Who are these men? Are they the latest bach of Million Card Giveaway redemptions? No! They’re a lot of 16 1958 commons I kind of accidentally won on eBay for an average price of under $.50. Beat that Topps!
I won these kind of accidentally, really. I was just poking around looking at some guy’s auctions and he had several lots of these up. I don’t collect this set (well… not yet, anyway) and the only other 1958 card I have is a Don Zimmer I bought at a show in 1989 because I was 8 and liked the idea that then-current Cub manager was once a young man. Even after I bought the card, I still wasn’t convinced of that, really… I mean, the guys on these cards look like they’re about 45 years old. Guess that’s what a life of hard livin’ and fighting in a war or two will do to an era of ballplayers.
I don’t know much about this set, but someone was nice enough to set up this site to help guys like me out. Looks like the set has 495 cards, not including some yellow team name variations and a couple of corrected error cards. At an average of $.50 a card, I figure this set will cost me $250 to put together. Sound reasonable? Oh wait, there are three Mantles and an Orlando Cepeda RC? What do those book for, $50 or $6- OH GOD! Well, I guess that’s why I’ve stayed away from sets this old all my collecting life- it seems entirely possible to put together a set until you get to the names that even people like my decidedly non-sports-fan brother know.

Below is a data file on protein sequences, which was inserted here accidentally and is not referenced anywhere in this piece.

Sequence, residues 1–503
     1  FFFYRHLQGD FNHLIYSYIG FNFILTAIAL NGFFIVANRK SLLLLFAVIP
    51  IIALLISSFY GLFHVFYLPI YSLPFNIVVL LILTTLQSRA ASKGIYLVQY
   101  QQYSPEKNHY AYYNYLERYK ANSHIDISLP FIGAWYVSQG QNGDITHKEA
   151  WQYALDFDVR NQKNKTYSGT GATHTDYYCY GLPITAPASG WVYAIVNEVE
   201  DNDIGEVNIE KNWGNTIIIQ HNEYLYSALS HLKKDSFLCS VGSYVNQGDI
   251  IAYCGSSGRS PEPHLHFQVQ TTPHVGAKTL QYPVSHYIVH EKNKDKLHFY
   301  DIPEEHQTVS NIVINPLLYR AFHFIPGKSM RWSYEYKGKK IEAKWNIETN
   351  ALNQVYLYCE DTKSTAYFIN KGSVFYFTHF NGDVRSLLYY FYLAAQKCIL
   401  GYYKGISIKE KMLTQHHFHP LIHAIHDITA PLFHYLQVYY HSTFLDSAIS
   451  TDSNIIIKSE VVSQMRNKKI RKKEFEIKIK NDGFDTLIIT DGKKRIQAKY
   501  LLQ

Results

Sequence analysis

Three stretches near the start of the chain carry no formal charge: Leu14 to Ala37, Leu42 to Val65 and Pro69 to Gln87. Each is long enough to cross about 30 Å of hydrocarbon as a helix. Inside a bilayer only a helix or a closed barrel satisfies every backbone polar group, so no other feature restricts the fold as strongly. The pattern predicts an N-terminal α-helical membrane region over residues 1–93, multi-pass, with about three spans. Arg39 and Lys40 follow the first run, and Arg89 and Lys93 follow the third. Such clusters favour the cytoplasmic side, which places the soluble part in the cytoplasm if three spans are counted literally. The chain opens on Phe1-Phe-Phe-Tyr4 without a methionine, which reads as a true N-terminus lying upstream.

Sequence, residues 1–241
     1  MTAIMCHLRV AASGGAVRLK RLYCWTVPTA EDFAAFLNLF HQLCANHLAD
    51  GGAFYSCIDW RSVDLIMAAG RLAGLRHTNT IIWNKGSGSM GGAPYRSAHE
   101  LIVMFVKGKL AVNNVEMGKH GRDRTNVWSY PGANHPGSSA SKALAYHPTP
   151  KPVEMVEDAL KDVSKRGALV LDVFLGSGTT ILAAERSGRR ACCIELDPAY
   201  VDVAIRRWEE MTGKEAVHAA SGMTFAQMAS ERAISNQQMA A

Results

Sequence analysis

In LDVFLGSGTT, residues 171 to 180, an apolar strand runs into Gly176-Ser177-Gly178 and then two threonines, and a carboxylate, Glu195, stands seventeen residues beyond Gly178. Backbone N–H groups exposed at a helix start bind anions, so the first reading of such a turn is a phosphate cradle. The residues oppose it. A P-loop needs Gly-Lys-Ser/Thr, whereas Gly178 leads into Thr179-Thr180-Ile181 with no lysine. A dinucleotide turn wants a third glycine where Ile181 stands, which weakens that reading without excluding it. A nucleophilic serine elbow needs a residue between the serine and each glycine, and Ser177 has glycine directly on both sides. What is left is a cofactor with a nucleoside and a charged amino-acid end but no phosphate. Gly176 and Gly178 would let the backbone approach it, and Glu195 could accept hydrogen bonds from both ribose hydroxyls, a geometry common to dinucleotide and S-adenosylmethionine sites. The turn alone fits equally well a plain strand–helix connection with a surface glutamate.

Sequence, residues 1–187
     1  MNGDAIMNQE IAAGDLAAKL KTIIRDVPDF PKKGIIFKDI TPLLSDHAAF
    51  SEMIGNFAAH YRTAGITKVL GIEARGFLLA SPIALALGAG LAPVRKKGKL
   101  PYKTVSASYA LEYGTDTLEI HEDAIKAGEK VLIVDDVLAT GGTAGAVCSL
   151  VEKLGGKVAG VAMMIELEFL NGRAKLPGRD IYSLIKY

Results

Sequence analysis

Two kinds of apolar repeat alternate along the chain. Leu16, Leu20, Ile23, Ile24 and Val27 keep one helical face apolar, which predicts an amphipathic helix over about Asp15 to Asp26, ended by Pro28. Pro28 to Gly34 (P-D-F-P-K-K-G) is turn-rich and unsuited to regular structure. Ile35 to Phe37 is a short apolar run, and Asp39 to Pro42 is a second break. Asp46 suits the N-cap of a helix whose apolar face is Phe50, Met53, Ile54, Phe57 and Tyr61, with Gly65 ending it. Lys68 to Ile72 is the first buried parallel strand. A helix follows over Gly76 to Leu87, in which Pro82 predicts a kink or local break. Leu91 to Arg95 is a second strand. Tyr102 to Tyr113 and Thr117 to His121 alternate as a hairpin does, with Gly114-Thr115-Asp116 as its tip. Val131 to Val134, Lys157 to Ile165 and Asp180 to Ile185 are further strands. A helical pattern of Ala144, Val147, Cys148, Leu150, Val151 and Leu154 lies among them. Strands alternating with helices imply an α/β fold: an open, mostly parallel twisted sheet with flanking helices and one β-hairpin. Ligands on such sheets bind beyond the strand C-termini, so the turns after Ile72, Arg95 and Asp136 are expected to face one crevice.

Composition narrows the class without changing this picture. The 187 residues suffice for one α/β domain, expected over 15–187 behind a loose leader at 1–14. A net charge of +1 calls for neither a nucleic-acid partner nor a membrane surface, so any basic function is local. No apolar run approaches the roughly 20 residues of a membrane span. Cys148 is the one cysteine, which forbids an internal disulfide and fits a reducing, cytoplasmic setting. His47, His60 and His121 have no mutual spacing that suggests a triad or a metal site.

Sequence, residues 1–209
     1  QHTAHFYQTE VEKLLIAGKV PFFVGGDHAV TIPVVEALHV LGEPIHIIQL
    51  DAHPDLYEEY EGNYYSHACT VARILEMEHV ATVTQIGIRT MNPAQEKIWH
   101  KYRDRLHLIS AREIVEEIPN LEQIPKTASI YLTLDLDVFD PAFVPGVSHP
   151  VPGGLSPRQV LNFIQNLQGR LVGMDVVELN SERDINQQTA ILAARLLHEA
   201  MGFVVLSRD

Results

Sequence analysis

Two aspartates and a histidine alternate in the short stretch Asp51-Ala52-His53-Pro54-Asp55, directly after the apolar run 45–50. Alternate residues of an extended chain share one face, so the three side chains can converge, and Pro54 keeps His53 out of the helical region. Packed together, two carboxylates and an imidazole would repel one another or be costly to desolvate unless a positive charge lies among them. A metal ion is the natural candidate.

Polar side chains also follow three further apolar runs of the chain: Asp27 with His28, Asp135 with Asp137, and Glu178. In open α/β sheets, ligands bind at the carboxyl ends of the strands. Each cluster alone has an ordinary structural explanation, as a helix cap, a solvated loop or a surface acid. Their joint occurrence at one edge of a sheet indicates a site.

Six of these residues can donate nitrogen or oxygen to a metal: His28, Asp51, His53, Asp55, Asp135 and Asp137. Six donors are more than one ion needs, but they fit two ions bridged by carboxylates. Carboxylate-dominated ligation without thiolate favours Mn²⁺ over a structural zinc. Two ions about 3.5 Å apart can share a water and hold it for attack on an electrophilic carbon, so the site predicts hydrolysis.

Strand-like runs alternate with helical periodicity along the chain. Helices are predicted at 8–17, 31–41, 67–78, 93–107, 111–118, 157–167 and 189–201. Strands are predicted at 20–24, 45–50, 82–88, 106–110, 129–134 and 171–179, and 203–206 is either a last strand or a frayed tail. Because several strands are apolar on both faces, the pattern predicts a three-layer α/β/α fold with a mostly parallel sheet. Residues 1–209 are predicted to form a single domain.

The thing is, looking at these cards and that sweet Mantle I just linked to, I can imagine how much more valuable I feel these cards are than most modern stuff. I mean, do I want a sweet Sandberg patch? Of course I do! But when I imagine, say, telling my girlfriend that I just spent $300 on a baseball card, I have this image in my head of me having to explain the whole concept behind “Game-Used” (“No, you see, he actually WORE this in a game! He might have sweat on it!” “…That’s gross.”). If I get the Mantle, it seems much more simple (“Well, it’s a Mickey Mantle card from 1958 and it’s in really good condition.” “It’s a piece of cardboard.” “Yes, but.” “Whatever.”). Those of you in long-term relationships know immediately which of those is preferable.
The point is, if I have to explain why something is valuable, how valuable can it be? It reminds me of walking through card and collectible shows when I was a kid, with dealers pushing their wares on me (I have a bunch of 1986 Fleer Star Stickers that were supposed to have put me through college…). “Oh, this will be valuable you say? I’ll take two!” Past performance is no guarantee of future gains… but, if you ask me, the market on vintage cards will be longer-lived than the market on something like game-used- no matter how cool they look.